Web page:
France remains 'fragile' but no new Covid-19 lockdown for now, PM says

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French Prime Minister Jean Castex said on Thursday that the coronavirus situation in France remained fragile but that for the moment there was no need for a new national lockdown.

Castex said the rate of infection had not significantly increased over the past two weeks, even if the pressure on French hospitals remained strong.

“We must stick with the current restrictions we already have in place ... but the situation today does not justify a new national lockdown,” he told a news conference.

Castex acknowledged that many other countries had started their vaccination campaign more quickly than France but he said this was the result of the French government’s decision to begin with the most vulnerable people in aged-care homes.

While they only make up one percent of the population, he said, they have accounted for nearly a third of the more-than 77,000 COVID-19 deaths since the start of the pandemic.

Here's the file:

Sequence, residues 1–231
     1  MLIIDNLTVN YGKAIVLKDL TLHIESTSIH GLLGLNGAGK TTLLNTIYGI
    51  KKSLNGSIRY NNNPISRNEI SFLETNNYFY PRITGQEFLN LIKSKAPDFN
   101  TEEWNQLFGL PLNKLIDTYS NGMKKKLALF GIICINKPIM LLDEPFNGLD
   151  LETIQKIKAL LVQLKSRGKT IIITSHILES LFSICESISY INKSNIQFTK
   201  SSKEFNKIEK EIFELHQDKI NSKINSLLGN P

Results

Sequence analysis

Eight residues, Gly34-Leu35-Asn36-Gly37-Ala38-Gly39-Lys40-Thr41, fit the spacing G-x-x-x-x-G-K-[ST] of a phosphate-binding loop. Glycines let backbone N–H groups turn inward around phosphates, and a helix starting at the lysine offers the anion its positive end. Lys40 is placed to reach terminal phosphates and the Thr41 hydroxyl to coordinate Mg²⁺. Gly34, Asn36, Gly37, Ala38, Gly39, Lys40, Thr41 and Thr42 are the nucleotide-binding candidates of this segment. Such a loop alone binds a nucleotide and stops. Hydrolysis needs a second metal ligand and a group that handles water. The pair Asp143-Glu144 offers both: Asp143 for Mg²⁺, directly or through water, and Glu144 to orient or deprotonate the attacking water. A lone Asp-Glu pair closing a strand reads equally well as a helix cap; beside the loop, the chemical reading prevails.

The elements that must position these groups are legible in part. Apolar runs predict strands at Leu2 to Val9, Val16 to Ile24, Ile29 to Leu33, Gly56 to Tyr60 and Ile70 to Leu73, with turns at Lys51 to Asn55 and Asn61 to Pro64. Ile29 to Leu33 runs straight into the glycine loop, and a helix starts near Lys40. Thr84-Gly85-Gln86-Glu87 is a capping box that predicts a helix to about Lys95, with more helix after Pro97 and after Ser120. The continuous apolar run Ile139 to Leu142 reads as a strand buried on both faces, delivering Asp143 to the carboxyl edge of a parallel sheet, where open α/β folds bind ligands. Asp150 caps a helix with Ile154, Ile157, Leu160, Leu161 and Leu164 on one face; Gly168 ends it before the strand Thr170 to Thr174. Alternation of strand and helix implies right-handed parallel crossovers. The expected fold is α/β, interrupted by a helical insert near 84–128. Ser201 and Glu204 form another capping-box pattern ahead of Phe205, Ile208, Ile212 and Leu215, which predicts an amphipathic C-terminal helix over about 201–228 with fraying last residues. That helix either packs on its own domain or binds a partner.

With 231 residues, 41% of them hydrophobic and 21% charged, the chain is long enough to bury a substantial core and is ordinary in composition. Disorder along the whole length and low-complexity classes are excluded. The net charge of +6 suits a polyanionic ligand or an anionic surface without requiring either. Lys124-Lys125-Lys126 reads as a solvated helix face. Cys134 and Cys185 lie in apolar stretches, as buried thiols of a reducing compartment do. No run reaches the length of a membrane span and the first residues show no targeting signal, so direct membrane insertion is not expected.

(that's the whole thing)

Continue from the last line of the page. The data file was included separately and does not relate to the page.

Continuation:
By the end of this week all aged-care residents will have been offered a first vaccine shot, with a second shot due by early March, he said.

Watch: Parisians' relief as France avoids third lockdown

The government aims to offer the vaccine to all adults in France by the end of the summer.

Castex said the first doses of AstraZeneca’s vaccine should arrive in France by the end of the week, helping the government reach its target of four million inoculations by the end of the month.

He said France’s progressive tightening of restrictions had allowed it to keep the economy more open than some neighbours had been able to, but warned there could be no let-up and called on companies to enforce more remote working from home.

“Working from home is imperative whenever possible,” he said.

He also announced a three-week lockdown for the French island of Mayotte, located off the coast of Mozambique, which has been hit by the South African variant of the virus.

“It is not the time to ease up now,” he said, adding that he would not hesitate to tighten curbs on free movement if there was a spike in infections.

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(REUTERS)